The City’s financial policies provide a framework for the City’s overall fiscal management and outline standards for consistent and transparent budgetary practices. These fiscal policies are intended to secure the City’s fiscal integrity and health, encourage equitable allocation of costs and resources, and allow sufficient flexibility to consider new fiscal and budgetary strategies. The City consistently evaluates these policies to determine if they should be modified to accommodate changing circumstances and conditions.
The City maintains sufficient unrestricted fund balances to mitigate current and future risks, emergencies, or unanticipated budget shortfalls. As part of the City’s financial practices, the City established and maintains three sources of unrestricted budgetary fund balance, referred to collectively as budget stabilization funds or fund balance:
• Asset Lease and Concession Reserves: Revenues from the long-term lease of the Chicago Skyway and the concession agreement for the metered parking system comprise the City’s Asset Lease and Concession Reserves.
• Operating Liquidity Fund: The City created this fund in 2016 and each year a determined amount of the unassigned fund balance will be assigned to it. This fund will provide reoccurring short-term funding for City operations, allowing the City to manage liquidity issues associated with timing of revenue collection. For example, the Operating Liquidity Fund could be used to replace the short-term borrowing needed for library operations while the City awaits property tax receipts.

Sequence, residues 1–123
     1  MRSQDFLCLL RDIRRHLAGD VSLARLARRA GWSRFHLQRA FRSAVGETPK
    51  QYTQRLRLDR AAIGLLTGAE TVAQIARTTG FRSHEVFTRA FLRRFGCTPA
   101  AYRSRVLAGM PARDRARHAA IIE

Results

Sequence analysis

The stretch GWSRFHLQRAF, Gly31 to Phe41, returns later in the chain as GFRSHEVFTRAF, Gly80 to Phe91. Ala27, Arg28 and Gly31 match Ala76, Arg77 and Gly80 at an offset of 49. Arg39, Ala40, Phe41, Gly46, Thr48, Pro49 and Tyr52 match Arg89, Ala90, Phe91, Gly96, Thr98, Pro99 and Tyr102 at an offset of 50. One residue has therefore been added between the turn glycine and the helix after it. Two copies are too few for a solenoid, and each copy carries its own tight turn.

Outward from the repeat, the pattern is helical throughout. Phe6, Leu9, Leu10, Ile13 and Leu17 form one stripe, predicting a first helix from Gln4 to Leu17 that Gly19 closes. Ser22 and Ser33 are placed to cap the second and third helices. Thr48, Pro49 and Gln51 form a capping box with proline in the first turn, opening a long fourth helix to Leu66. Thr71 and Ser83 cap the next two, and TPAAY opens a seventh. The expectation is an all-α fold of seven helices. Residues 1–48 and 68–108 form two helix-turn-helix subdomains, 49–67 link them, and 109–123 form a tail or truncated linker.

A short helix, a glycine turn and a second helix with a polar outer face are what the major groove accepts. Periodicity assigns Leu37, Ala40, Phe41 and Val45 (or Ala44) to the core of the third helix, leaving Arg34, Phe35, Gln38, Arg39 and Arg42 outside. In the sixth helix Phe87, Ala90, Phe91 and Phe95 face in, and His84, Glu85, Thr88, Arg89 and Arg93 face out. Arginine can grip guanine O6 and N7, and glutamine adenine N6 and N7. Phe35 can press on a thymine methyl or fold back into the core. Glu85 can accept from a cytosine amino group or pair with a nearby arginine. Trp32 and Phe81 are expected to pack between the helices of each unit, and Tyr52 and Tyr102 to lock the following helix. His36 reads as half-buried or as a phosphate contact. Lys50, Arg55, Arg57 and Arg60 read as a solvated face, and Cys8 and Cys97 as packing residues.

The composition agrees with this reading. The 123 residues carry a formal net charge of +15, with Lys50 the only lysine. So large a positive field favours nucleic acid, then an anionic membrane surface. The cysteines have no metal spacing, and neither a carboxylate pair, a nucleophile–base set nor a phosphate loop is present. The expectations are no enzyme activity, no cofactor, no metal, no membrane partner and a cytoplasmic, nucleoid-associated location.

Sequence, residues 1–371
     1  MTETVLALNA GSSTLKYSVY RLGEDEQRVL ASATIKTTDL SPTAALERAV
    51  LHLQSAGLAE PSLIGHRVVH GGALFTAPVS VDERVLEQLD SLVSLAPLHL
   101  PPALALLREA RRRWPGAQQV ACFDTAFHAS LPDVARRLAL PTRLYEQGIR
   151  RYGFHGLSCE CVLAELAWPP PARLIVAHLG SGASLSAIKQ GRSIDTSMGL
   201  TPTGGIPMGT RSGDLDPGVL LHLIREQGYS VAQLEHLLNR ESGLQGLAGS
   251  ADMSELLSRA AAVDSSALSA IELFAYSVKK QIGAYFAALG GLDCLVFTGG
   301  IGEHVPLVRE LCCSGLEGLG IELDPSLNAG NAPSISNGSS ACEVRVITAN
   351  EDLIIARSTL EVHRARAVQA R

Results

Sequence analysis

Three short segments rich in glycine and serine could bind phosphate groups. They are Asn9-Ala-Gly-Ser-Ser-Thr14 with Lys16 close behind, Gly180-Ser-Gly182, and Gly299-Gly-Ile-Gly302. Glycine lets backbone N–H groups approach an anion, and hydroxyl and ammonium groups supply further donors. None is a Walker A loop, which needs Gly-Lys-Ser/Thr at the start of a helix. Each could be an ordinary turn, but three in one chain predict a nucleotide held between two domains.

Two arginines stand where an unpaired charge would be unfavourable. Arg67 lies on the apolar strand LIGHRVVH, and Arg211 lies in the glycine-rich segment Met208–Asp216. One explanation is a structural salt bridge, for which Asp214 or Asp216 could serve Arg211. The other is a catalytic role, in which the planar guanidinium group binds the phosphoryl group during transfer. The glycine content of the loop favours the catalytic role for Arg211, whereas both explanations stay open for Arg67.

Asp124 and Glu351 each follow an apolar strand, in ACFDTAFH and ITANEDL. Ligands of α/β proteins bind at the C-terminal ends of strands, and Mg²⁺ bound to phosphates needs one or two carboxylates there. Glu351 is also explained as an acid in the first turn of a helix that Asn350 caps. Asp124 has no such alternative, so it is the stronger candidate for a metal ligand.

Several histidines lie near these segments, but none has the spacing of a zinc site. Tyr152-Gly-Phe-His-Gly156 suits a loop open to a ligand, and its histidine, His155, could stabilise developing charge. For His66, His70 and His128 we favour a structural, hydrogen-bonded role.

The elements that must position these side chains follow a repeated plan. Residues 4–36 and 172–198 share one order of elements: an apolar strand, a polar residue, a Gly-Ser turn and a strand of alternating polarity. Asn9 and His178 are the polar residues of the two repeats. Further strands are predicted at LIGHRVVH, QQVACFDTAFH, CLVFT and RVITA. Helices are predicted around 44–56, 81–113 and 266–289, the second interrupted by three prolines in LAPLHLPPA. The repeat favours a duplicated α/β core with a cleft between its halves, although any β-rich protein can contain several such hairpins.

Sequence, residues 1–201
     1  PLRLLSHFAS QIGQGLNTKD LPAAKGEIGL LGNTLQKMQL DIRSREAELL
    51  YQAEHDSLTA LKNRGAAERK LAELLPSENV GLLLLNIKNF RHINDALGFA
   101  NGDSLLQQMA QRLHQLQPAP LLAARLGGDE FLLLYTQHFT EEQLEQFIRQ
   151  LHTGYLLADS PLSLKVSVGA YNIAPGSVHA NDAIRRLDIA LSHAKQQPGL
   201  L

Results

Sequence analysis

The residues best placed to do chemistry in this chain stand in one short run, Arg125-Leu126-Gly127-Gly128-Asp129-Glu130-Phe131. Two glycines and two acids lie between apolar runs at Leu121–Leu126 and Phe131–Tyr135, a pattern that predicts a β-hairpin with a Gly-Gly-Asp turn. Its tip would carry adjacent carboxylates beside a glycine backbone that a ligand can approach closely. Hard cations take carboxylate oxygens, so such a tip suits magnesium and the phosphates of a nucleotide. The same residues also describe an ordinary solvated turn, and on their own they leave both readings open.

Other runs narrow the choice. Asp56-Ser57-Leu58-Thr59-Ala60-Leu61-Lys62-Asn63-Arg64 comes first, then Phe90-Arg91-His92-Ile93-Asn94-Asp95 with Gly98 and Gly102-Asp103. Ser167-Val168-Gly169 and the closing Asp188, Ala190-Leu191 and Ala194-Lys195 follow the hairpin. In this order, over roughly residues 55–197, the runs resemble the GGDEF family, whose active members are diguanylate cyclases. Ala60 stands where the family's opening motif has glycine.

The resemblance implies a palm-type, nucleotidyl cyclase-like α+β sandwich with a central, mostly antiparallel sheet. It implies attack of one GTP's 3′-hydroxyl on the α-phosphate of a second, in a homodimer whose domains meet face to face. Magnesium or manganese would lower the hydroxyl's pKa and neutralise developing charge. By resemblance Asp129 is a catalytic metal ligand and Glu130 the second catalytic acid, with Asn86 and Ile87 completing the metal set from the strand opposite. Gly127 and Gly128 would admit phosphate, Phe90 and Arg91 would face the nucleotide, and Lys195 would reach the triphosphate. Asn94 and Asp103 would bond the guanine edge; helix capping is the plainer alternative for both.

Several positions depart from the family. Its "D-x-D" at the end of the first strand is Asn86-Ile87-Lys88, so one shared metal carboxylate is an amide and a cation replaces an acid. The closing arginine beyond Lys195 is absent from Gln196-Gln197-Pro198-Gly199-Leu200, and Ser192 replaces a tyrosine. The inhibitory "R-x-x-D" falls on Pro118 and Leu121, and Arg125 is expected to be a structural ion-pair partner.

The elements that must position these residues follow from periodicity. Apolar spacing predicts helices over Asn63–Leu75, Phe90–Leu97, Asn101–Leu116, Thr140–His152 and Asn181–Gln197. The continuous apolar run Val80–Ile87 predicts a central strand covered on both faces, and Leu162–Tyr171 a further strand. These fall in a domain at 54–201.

• Unassigned Fund Balance: Surplus resources identified through the annual financial audit process make up the unassigned fund balance. The City’s unassigned fund balance has grown due in part to the improving economy, enhancements in revenue, including debt collection and investment strategies, and ongoing savings and efficiencies.
As part of its budget stabilization policy, the City adheres to the GFOA recommendation and maintains an unrestricted budgetary fund balance in the general fund of no less than two months of operating expenses. Further, the City does not appropriate more than one percent of the value of the annual corporate budget from the prior year’s audited unassigned fund balance in the current year’s budget.
Balanced and Comprehensive Budgeting
• The City bases its annual budget on a reliable assessment of the available resources for that year and a meaningful understanding of the City’s service priorities, and adopts a balanced budget in accordance with the Illinois Municipal Code (65 ILCS 5/8-2-6).
• Members of the public are provided with an opportunity to submit comments on the annual budget through City Council hearings, community forums, written or electronic submissions, or other appropriate means, and at any public hearings required by the Illinois Municipal Code (65 ILCS 5/8-2-6).
• Annually, the City evaluates each department’s direct costs, as well as any indirect costs that are necessary to conduct that department’s function. Accurately assessing these costs across City government will provide a useful measure of the full cost of City services.
• Enterprise funds are charged the full cost of services provided by other City funds.